Active Voice: What Are Your Characters Actually Doing?!?

ActiveVoice_streetdancer

Do you think your story sounds a little bland? Does it feel like something’s missing? Is your story hard to understand? If the answer to these questions is yes, you might be using passive voice and should use active voice instead. 

Passive voice tends to add more emphasis on the action than the subject and provides an authoritative tone, which is more ideal for corporate, business, or scientific documents. However, active voice is ideal and recommended for most forms of writing, especially for children’s picture books or novels, because it adds elements that are essential to keeping your readers better engaged and wanting more.

Examples of Active Voice vs. Passive Voice

When active voice is used in writing, the subject performs the action.

     Example: David chased the bank robber down the street.

When passive voice is used in writing, the subject receives the action.

     Example: The bank robber was being chased down the street by David.

Why Active Voice Works Best: 

 It Makes Your Characters Move

Readers need to easily visualize what your characters are doing and how they are doing it. And when powerful action verbs are used correctly and immediately after the subject, it provides your story with a level a strength and energy that invites the reader to join along with the characters in their journey. Consequently, active voice is more direct and straight to the point and better illustrates your character’s personality.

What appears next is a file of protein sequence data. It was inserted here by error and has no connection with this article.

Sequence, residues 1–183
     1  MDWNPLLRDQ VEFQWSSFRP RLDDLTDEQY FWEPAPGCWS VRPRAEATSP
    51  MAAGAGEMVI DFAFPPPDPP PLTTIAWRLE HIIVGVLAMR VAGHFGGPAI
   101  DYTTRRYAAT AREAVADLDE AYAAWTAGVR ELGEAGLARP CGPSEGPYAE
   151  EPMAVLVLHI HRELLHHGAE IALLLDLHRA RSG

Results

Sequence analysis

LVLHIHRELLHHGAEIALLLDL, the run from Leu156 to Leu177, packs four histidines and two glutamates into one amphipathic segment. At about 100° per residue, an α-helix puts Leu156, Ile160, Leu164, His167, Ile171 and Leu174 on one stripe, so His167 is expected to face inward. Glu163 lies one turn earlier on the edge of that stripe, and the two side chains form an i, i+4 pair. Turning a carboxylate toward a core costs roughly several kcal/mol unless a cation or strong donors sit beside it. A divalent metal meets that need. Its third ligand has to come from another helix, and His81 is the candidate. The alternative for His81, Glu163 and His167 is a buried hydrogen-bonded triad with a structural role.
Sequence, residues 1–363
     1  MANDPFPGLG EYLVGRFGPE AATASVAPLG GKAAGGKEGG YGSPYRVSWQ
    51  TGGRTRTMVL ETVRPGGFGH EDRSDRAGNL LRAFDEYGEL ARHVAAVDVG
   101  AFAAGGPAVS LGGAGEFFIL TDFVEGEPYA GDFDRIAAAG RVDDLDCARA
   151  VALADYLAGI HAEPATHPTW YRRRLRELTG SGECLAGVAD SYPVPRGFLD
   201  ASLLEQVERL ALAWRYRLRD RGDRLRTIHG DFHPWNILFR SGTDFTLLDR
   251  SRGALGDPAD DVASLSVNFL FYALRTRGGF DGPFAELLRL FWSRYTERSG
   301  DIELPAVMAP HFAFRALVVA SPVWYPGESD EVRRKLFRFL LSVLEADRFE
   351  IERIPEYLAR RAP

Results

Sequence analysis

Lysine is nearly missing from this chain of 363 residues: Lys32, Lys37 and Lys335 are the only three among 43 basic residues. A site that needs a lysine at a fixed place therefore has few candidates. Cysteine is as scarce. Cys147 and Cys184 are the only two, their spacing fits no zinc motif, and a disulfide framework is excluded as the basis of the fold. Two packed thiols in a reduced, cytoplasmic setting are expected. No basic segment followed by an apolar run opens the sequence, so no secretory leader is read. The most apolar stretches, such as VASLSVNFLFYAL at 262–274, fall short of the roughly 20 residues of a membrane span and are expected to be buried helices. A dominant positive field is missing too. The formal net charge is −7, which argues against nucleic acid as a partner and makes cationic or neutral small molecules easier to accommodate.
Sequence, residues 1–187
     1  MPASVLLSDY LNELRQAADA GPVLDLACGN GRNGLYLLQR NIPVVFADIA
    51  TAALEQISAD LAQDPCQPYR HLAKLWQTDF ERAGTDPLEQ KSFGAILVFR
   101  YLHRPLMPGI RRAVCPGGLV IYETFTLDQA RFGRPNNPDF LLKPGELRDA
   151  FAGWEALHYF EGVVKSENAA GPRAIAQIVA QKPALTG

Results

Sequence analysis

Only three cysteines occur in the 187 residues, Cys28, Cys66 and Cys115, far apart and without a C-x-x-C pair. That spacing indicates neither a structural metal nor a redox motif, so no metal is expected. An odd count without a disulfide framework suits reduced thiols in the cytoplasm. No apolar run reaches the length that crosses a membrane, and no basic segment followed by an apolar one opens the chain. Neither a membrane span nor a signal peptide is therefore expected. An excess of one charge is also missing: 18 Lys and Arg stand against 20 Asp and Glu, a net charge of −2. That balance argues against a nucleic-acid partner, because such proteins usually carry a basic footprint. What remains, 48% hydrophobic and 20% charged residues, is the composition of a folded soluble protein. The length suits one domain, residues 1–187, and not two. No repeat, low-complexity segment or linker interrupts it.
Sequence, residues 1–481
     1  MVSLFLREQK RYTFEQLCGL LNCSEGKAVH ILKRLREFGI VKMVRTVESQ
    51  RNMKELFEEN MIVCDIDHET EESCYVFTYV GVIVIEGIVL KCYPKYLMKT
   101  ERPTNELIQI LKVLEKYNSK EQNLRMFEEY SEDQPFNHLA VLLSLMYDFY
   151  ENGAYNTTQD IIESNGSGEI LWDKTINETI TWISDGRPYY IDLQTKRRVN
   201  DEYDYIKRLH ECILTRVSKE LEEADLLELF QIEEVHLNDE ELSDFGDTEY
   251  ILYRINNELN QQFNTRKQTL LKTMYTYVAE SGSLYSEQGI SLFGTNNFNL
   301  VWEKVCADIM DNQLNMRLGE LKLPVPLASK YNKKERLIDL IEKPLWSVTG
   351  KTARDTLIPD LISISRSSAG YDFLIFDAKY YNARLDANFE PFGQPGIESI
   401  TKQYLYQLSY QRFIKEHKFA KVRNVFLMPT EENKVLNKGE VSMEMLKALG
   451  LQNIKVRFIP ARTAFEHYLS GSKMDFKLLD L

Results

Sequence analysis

It Provides Engaging Imagery, Especially for Children’s Picture Books

Yes, the illustrations in children’s picture book tell one half of the story. But the text should tell just as much as the illustrations. Active voice is key to children’s writing, and using active voice with simple verbs like “run”, “jump”, and “laugh” go a long way. Furthermore, when active voice is used correctly, children will be able to develop a better connection with the text and illustrations and will mostly likely understand your story.

It’s Easier to Follow Along

While the consistent use of active voice allows the characters to continue doing something, it provides a clear path for the reader to better understand how the plot is unfolding with a little more ease. Active voice helps the story flows more smoothly, aiding in creating seamlessly transitions throughout your story.

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